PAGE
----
Posted by: mattcolvin | August 23, 2013

Pharaoh’s Baker in the Plague Dogs


I’m reading Richard Adams’ The Plague Dogs with Ezekiel. (Thank you, Faith Academy library! What a blessing!) I have spoken before about Adams’ allusivity, especially as he uses Homer and Vergil in Watership Down. I first read The Plague Dogs back in my own teen years, so it is very entertaining to read it again some 25 (?) years later.

Here’s a bit I caught tonight, from Snitter’s conversation with the Pekinese just before he and Rowf escape from the building where the dogs are imprisoned in wire pens.

“What are you doing?” asked the Pekinese, nose pressed against the wire.”Why are you loose? What’s that on your head? It smells of that stuff the whitecoats put over everything.”

“It’s to keep the frost out,” answered Snitter. “My head’s a bird-table, you know. The whitecoats cover it with bread every morning and then watch while the birds come and eat it.”

The parallel is an ominous one. Like the baker, Snitter is in prison, has visions of his head, and hopes to escape. There the similarity appears to end, however, since Snitter does escape, and the baker doesn’t. A bit of misdirection?

I dont know if there’s more to the allusion, but that it is an allusion, I have little doubt. Not sure why I didn’t get it as a teenager. Ezekiel recognized it.


  1. I’ve had The Plague Dogs on my shelf for many years, yet have never read it. Watership Down is my favorite book – I read it about every other year – and for some strange reason I’m afraid that The Plague Dogs won’t live up to the high expectations in my head and will actually affect my enjoyment of Watership Down. Yeah, I know, that’s silly… I’ll make a point to read it soon.

    • I don’t think it’s quite as good, but I remember it as an enjoyable book. Others by Adams – Maia, Shardik, The Girl in the Swing were not so good.

  2. Yeah, I’ve heard about some of those… I also have a follow up to Watership Down (Return to Watership Down I think?) that I haven’t read for the same reason. I’ll tell you how much I love WD – every time we get pregnant – much to my wife’s horror – Thlayli goes right to the top of the boy’s name list… and, of course, I would try to slip in Bigwig as his nickname. I think God’s looking out for her though, because so far we’re 5 for 5 with girls.

  3. Oh, by the way, you mentioned that you’ve written about WD before – where can I find that? I looked in the Greek Literature and mythology sections, but didn’t see it.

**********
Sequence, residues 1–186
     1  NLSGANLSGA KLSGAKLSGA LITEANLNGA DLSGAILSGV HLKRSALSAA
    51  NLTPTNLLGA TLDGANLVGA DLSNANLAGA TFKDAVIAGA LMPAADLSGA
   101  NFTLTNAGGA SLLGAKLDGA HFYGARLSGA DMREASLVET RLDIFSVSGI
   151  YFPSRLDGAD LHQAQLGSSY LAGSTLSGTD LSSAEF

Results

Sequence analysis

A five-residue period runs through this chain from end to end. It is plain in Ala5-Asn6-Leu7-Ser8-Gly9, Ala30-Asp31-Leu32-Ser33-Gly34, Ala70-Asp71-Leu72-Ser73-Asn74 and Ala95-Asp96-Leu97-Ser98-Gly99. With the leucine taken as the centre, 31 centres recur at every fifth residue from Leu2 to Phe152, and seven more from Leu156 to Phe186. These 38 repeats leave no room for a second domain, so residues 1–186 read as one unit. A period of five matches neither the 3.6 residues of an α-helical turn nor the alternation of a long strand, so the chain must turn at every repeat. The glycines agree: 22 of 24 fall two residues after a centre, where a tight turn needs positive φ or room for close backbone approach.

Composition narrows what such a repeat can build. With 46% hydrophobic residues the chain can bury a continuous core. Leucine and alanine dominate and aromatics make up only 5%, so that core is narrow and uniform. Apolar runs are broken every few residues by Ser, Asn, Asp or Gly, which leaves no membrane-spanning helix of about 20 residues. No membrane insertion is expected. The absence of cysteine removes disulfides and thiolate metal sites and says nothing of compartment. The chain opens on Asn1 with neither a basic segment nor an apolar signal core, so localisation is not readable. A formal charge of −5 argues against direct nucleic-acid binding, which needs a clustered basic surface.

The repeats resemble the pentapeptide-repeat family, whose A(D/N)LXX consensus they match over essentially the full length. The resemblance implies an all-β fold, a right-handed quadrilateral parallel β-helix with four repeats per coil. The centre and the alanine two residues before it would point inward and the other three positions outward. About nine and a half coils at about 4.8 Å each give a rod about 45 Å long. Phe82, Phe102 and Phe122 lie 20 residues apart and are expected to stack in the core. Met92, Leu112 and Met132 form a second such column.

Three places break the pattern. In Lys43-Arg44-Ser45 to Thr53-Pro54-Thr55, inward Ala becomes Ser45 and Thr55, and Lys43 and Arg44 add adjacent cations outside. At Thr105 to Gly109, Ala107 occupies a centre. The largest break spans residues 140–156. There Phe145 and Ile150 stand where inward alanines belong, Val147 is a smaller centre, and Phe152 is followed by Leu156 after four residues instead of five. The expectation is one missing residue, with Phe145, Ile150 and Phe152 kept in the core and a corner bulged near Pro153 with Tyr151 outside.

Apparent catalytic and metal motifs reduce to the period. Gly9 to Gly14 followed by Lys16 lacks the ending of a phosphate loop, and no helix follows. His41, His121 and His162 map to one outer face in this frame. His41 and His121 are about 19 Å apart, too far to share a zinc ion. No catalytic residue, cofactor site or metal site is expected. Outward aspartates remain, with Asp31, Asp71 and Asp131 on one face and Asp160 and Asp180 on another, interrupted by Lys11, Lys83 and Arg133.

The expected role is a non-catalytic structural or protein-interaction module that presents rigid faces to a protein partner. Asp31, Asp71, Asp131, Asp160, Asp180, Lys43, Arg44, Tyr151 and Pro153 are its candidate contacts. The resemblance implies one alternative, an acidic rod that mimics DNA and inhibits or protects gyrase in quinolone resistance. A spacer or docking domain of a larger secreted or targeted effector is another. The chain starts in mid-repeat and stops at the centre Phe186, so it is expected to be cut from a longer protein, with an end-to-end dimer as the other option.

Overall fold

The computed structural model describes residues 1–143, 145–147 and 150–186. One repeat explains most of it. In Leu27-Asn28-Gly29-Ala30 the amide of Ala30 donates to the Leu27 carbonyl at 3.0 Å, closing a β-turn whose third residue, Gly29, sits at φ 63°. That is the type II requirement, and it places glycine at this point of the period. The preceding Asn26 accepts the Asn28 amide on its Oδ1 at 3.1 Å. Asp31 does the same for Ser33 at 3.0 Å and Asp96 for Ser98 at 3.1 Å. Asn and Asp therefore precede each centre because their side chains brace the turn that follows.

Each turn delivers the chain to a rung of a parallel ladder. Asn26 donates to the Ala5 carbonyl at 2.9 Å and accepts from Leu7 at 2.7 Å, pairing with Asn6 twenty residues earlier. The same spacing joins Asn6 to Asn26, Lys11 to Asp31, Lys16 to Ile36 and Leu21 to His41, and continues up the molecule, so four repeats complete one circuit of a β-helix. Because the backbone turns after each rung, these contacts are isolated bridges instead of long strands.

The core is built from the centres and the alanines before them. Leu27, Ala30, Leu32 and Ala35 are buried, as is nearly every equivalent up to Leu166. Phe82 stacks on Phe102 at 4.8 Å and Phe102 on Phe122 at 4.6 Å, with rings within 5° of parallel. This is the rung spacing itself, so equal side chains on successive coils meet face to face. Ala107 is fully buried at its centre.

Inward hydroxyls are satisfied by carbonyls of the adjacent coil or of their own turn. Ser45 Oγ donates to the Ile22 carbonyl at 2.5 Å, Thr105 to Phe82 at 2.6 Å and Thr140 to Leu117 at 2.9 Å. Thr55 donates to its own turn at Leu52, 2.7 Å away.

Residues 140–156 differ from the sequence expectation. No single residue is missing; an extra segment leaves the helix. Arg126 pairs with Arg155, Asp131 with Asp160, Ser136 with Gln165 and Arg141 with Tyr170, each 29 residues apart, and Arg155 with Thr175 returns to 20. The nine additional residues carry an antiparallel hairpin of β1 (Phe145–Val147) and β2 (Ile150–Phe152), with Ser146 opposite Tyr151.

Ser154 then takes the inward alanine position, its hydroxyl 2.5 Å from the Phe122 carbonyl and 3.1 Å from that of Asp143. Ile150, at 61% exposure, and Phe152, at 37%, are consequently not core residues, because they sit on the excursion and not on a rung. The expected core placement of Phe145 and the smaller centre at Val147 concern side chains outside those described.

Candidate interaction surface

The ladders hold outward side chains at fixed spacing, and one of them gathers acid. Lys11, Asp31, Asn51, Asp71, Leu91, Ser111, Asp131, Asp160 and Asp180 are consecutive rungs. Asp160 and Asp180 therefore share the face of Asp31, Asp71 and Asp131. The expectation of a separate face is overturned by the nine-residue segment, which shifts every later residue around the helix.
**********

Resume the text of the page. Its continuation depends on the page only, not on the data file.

4. I found this post by searching for “The Plague Dogs” tags. I’m currently reading The Plague Dogs and this reference entirely went over my head! Upon reading up on it, you’re obviously completely right about the allusion.

    Apologies for the wall of text, you might be able to tell that I haven’t found anyone nearby to discuss this with!

    I’ve caught a few of the others, though I have no clue how many I’ve missed. There are a good few Hamlet ones that I pick up on.

    Adams using the references within his narration throws me. During the escape of the dogs through the research centre, we get this:

    “they came to a halt at last in the guinea-pig house, where all manner of guinea-pigs – ginger, black, white, black-and-white, ginger-and-black, long-haired, short-haired, tragical-pastoral, tragical-comical-historical-pastoral – were kept in reserve for the needs of the station.”

    I’ve been getting used to it but at first it really nonplussed me. The conclusion I’ve reached is it helps to offset the descriptions of the terrible things that are done to the research animals. Thoughts?

    Watership Down is wonderful. I came across a collection of it, Shardik and The Plague Dogs and bought it on the strength of WD alone. Shardik, as you’ve mentioned, is less good and is honestly rather odd. It takes a turn part-way though which I wasn’t expecting.

    Tales From Watership Down is, I think, the name of the part-sequel Adams wrote some years later. Upon reading it recently I could understand why you’d want to stay away from it. It’s a companion piece with no whole, engaging story. I liked it, mind you.

    Brian, in terms of affecting your enjoyment of WD I’d recommend giving The Plague Dogs a shot. Its tone is different and it is more rooted in human society. Instead of a brief mention of a person’s point of view at the end of the story (as WD), human viewpoints comprise rather more of the book. It serves the book well in the long run.

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